Keep hemp free of cannabis law

Keep hemp free of cannabis law

The controversial bill to regulate the use and production of marijuana and hemp is back on the parliamentary agenda. However, the Hmong hill tribe people want the law to leave hemp out, fearing it would jeopardise the age-old use of hemp in their culture and traditions. The government should listen to their concerns.

Last month saw several attempts to advocate for cannabis laws. The Bhumjaithai Party's bill on marijuana and hemp underwent a public hearing. Simultaneously, various groups, including the Creative Thai Farmers Association, the Industrial Hemp and Marijuana Association, and the Thai Ganja Future Network, urged an immediate review of the government's cannabis draft law with their own versions.

The cannabis law was an attempt by the previous administration to placate public outrage over the legalisation of marijuana in 2018. While legalisation has created economic opportunities, the unregulated market triggers public concerns over health risks and youth addiction. Due to strong demands from the medical profession and the public to outlaw marijuana, the bill on cannabis regulation was aborted due to MPs' walkouts.

The Hmong communities opposed it for a different reason, insisting that hemp should not be in the cannabis law in the first place.

Marijuana in Thai is ganja and hemp is ganchong. The names are similar because they belong to the same species. They also look almost similar as young plants. In full growth, however, the ganja plants are bush-like with dark green leaves. Ganchong, meanwhile, is taller than two metres with scattered branches and yellowish-green leaves. The close similarities led to the widespread belief that both ganja and ganchong are drugs. Ganja is, but ganchong or hemp is not.

Hemp has less than 0.3% tetrahydrocannabinol (THC), which means it doesn't make users feel high or affect their nervous system. Globally, plants with THC under 0.3% are not seen as addictive. By contrast, marijuana contains 5-20% THC, which affects the nervous system, causing a high, and is considered addictive. No one uses hemp for recreational purposes and gets addicted, unlike marijuana, which is used recreationally and has addictive properties.

The difference between marijuana and hemp has also been acknowledged legally. In 2004, two Hmong villagers in Chiang Rai's Khun Tan district were charged with growing marijuana, although it was actually hemp. The court later ruled them innocent, confirming that hemp is not a drug plant with psychoactive substances like ganja.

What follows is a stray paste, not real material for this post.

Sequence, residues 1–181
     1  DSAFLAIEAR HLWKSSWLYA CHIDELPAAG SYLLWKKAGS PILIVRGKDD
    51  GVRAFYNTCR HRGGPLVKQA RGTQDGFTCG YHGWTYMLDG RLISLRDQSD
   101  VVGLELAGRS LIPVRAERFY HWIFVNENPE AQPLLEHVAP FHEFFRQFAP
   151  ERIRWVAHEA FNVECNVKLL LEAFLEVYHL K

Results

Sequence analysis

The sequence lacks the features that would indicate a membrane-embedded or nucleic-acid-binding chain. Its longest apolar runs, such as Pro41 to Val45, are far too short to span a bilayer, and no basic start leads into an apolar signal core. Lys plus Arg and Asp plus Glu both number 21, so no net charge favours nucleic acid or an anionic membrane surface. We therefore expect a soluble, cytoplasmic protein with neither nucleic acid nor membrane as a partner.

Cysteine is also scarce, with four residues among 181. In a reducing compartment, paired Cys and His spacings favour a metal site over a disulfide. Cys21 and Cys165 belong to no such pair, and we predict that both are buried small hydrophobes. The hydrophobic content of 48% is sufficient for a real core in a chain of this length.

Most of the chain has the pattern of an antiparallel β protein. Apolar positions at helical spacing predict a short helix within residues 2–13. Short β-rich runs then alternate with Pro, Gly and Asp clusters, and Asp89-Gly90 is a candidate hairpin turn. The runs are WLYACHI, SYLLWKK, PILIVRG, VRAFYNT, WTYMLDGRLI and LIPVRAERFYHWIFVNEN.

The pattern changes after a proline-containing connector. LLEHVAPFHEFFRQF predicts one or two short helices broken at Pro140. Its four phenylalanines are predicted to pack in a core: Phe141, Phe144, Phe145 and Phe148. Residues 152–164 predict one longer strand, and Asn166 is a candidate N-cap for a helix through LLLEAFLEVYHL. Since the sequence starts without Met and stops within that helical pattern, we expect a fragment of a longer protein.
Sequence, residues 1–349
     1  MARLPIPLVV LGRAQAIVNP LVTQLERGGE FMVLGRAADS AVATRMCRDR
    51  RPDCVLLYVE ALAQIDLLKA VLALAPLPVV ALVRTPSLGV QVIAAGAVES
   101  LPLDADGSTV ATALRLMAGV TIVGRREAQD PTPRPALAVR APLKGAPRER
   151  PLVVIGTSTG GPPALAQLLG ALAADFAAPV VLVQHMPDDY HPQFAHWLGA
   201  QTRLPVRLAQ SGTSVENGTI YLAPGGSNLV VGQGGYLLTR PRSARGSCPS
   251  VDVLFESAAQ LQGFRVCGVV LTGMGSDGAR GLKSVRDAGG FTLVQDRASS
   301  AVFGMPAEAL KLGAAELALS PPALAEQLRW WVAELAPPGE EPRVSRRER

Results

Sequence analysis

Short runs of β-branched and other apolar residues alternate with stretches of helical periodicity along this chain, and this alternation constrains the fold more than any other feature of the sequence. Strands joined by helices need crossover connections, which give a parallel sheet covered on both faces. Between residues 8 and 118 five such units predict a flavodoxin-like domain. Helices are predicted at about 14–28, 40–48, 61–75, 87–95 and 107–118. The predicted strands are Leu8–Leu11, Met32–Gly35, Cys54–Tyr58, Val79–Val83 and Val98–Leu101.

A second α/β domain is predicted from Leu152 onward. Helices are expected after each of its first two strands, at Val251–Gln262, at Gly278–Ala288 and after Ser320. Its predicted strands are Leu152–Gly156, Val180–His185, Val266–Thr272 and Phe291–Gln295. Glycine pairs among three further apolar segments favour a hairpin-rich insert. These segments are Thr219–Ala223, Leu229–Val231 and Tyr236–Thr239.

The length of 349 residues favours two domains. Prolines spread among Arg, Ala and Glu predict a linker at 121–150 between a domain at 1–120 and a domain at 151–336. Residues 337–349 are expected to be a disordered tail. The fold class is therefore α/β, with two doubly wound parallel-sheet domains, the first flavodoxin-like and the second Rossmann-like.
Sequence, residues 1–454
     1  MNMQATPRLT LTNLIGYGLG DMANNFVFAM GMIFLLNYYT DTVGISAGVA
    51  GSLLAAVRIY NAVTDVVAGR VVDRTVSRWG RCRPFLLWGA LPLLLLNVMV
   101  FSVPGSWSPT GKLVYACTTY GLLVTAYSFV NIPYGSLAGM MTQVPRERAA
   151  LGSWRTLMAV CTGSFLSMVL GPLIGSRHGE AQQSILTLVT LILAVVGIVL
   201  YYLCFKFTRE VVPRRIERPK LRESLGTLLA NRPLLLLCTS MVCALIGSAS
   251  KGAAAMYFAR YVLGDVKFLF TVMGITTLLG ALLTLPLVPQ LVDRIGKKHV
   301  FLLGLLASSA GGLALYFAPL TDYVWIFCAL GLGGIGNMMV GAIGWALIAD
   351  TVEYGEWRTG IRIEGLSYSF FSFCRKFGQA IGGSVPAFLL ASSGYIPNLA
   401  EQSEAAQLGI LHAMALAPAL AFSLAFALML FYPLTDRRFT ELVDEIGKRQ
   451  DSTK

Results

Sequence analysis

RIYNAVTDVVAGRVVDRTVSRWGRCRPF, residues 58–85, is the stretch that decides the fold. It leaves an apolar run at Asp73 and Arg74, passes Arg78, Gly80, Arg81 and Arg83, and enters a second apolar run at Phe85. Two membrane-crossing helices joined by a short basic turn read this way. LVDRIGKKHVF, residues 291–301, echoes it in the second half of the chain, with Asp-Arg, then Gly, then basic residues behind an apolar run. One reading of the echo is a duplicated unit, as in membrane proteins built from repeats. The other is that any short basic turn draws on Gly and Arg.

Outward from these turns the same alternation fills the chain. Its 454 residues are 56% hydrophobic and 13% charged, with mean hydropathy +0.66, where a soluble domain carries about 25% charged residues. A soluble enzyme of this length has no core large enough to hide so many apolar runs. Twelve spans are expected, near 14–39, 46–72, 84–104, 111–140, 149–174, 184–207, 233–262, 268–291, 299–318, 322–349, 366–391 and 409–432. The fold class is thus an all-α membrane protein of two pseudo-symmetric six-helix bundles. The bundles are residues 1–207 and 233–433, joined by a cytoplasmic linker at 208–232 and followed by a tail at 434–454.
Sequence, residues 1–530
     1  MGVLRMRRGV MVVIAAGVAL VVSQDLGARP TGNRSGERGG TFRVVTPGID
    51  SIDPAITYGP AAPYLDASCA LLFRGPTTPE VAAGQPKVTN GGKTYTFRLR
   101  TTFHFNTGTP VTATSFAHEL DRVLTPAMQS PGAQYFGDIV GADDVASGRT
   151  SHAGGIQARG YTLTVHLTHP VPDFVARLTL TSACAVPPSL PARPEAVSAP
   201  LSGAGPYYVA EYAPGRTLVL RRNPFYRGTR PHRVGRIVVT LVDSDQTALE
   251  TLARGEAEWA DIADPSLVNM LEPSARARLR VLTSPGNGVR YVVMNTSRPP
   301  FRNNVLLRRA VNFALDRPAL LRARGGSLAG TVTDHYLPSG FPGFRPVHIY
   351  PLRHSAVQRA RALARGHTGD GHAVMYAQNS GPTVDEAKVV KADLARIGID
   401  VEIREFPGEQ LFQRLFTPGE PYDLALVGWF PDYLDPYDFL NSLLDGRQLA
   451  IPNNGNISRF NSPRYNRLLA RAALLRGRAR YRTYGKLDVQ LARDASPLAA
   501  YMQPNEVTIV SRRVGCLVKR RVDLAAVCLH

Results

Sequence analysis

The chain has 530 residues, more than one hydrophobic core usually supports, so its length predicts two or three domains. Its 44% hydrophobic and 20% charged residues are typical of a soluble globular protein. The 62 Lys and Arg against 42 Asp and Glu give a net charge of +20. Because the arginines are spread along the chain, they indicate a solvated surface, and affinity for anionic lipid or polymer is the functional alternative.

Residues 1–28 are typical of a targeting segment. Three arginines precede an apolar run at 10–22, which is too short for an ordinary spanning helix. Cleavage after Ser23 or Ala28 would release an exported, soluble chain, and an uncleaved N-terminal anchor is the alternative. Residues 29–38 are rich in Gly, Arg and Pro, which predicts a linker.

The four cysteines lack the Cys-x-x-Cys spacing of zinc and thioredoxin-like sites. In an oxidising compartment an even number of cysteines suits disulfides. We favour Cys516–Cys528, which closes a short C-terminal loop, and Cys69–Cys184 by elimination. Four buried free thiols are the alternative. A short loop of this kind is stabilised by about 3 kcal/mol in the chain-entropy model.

The Ministry of Public Health also understands the difference between cannabis and hemp. Following a public outcry against ganja's health risks, it issued a ministerial regulation on controlled plants on Nov 24, 2022 to regulate marijuana, but not hemp.

Hemp is widely grown in Hmong communities because it is an integral part of Hmong culture and traditions. The hemp fibre is used not only for clothes but also for fabrics for religious ceremonies from birth to death.

When they are born, they are wrapped in hemp cloth, and when they pass away, they are dressed in hemp clothing; even their shoes are made of hemp.

In royal efforts to support indigenous arts and handicrafts, Her Majesty Queen Sirikit the Queen Mother has also promoted hemp clothing and handicrafts of Hmong communities through the SUPPORT Foundation. The message is loud and clear: hemp needs more support, not control.

But hemp is more than a cultural product. It is a versatile plant with vast economic potential.

Every part, from the plant to leaves, seeds, and bark, is used in various industries like textiles, to make lightweight bulletproof vests, paper production, thermal insulation, bio-plastics, and construction materials. Hemp-derived oil and extracts are also used in food, beauty, and health products for their high nutritional content, rich in protein, vitamin E, and omega fatty acids.

If the cannabis law takes effect, these economic benefits will be out of reach for ordinary people. According to the bill, a permit to grow hemp costs 50,000 baht, while another 50,000 baht is needed for producing hemp products, and 5,000 baht for selling them.

Most Hmong with traditional knowledge of hemp's medicinal properties will be robbed of an opportunity to earn an income from hemp medicines because they cannot afford the permits.

Instead, large investors will profit. No wonder industrial hemp businesses have banded together to advocate for hemp regulation that benefits them.

The Hmong communities' demand is valid. The government must not include hemp in its cannabis law because it is not a drug.

In addition, hemp should be treated like cassava, sugar, and other cash crops that anyone can grow and sell, without laws supporting monopolistic control.


Bangkok Post editorial column

These editorials represent Bangkok Post thoughts about current issues and situations.

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